One of the questions that I receive more often than not is what kind of polymer clay tools that I use in my studio. The honest truth is, I have so many that I honestly don’t know where to start … so you will get several different “polymer clay tools” posts so that you can learn what you might like, based on what I like. The truth is that what tool I use depends on what I’m working on as to what tool I use. This being said, I will give you a brief synopsis of the tools that I use everyday or almost every day and let you know what I think of them. So … let’s see what polymer clay tools I use, shall we?Continue reading Polymer Clay Tools You Might Want to Get to Know
I have received so many questions from you, my readers, asking me about polymer clay storage options. Previously I had written about some polymer clay storage options, that focused on floss boxes; many of you have asked for more details, pros/cons, where and what to buy. There is a wide variety of polymer clay storage options available to the crafter, professional, or home studio clay artist. The reality is that absolutely everyone stores their clay differently. Everyone has a system that works for them. Just because a system works well for one clayer does not mean that it will work well for another clayer. Let’s see what options are available to the home studio clayer. Continue reading Polymer Clay Storage Options
For the past few weeks I have offered you mini-tutorials on Tuesdays. This week I’m going to share some polymer clay tips with you! If fact, today’s polymer clay tip’s one that I use every single day in my studio. Undoubtedly you’ve also struggled with this: it’s how to get those clay “smudges” off your blended sheets.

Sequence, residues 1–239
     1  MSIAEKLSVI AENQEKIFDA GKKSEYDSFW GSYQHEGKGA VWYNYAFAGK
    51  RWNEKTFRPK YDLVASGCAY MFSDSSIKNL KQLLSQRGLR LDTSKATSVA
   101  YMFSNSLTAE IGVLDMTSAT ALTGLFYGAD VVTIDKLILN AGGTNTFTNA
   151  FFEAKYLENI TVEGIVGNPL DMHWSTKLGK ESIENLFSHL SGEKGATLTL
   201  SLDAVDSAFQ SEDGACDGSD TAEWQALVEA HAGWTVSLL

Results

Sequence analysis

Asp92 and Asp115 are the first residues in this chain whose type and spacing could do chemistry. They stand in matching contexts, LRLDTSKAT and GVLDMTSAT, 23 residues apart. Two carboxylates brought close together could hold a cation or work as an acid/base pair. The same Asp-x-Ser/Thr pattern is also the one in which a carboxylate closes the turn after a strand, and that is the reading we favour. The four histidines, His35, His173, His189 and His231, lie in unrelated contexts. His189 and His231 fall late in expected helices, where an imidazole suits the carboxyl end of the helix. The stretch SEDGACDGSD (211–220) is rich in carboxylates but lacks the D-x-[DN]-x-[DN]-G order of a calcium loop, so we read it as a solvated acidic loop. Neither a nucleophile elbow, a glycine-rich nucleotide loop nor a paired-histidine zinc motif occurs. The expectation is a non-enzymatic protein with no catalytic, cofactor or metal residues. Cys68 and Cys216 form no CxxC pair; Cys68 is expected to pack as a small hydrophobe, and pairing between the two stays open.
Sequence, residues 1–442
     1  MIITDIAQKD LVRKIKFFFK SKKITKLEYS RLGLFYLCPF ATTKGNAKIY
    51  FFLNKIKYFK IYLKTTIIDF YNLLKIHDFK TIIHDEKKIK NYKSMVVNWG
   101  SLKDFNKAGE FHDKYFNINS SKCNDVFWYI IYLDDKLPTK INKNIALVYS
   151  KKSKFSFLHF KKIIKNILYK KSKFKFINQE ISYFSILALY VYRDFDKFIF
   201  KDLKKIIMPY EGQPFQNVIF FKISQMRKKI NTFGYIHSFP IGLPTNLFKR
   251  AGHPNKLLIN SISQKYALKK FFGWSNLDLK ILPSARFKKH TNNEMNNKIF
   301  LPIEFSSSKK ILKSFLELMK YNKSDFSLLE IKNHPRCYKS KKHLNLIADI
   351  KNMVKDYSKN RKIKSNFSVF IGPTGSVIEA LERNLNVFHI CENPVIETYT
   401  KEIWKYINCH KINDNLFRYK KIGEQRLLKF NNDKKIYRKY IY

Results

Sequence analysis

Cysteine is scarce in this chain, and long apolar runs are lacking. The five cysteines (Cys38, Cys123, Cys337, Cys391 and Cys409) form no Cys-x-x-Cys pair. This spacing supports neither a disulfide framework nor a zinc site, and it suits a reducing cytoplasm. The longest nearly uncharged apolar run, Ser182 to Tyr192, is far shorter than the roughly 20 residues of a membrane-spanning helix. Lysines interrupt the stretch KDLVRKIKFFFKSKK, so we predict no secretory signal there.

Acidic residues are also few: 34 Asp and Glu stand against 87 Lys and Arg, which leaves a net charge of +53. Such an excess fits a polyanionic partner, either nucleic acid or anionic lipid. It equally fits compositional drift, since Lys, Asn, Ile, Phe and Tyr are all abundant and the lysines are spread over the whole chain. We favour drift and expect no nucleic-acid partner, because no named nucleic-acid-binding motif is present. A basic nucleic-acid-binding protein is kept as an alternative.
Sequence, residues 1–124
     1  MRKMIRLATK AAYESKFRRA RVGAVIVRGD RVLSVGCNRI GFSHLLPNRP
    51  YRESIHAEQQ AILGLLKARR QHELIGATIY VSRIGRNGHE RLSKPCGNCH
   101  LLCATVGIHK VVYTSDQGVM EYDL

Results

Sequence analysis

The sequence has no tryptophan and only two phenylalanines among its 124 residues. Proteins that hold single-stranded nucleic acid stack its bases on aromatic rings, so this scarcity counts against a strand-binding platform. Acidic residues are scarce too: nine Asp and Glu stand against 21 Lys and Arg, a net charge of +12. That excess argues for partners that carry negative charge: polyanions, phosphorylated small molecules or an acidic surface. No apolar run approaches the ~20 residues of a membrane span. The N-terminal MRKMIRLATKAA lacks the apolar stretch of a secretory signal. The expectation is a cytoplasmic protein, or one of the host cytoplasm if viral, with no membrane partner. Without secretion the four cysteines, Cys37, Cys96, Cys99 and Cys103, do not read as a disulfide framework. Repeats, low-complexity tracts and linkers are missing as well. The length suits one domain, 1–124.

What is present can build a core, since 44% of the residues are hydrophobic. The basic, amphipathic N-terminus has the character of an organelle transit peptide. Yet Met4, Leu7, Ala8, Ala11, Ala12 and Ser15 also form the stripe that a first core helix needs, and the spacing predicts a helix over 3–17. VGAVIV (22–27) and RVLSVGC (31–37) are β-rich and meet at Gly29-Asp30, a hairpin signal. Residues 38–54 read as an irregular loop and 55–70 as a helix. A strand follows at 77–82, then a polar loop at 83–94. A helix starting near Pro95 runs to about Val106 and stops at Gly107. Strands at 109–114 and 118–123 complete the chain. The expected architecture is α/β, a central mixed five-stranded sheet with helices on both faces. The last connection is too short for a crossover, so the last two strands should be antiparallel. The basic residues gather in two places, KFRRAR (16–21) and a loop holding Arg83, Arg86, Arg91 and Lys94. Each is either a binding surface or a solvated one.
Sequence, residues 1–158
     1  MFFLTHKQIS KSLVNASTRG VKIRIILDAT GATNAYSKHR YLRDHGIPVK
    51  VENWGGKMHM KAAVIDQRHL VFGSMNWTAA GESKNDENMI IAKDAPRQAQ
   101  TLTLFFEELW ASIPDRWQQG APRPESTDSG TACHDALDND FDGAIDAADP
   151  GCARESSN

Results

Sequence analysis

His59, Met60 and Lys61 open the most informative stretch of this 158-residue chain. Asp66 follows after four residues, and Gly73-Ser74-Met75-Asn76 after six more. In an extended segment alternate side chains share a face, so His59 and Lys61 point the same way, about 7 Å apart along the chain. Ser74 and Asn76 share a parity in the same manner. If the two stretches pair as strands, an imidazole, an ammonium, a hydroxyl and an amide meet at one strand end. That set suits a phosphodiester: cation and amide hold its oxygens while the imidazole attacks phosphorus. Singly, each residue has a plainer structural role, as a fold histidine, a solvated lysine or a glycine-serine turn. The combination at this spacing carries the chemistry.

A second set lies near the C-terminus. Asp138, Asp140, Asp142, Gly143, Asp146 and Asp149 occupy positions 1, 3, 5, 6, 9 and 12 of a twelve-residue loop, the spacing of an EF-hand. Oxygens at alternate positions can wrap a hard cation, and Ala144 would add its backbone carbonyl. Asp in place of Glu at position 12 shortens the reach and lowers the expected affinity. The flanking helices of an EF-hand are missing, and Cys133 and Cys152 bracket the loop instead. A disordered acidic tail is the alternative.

Today’s mini-tutorial will be on how to create your own custom marbled polymer clay base for your figurines … yep, a quick, & easy marbled base tutorial. This is an easy tutorial that anyone (including beginners) can do.
Finding the right brand of polymer clay can be a challenge for anyone, but especially new clayers. As I began the journey of the Friesen Project, I didn’t realize how many new clayers would be joining us. This week I have been bombarded by requests asking what kind of polymer clay I use in my studio and how to find a brand of polymer clay that will work for you. So, without further ado, let’s find a brand of polymer clay that will work for you, your hands, and your climate.
All you have to do is search the internet for help on how to bake polymer clay. You will see a lot of wrong and incorrect instructions on how to do this. But let’s be honest: every artist does this differently and every artist has their own system that works for them. What works for me, may not work for you. And the biggest thing with polymer clay … the baking times are different for almost every brand of clay and oven. Today I’m going to give you a few tips on how to bake polymer clay items at home in your own toaster oven.
Sometimes your polymer clay pieces need an extra something, just a touch of something special to bring out the details that you have embedded into the clay. When you have carved or engraved your clay, you will often want to accent those pieces after they have finished baking. Many artists call this adding a patina to polymer clay. Other artists call it antiquing an item. For today’s mini-tutorial, we’re going to call it an “antique finish.” There are many ways to do this, but this is the way that I find the easiest…
For anyone who’s a self taught polymer clay artist, you’ve already made some critical mistakes in claying. You tried a shortcut (that didn’t work) or tried a way to do something that ended up ruining your piece. It’s okay, don’t worry, we’ve all been there. This month we are going “back to basics” in creating with polymer clay. So for today’s mini tutorial we’re going to go over the proper way to embed a bead into polymer clay.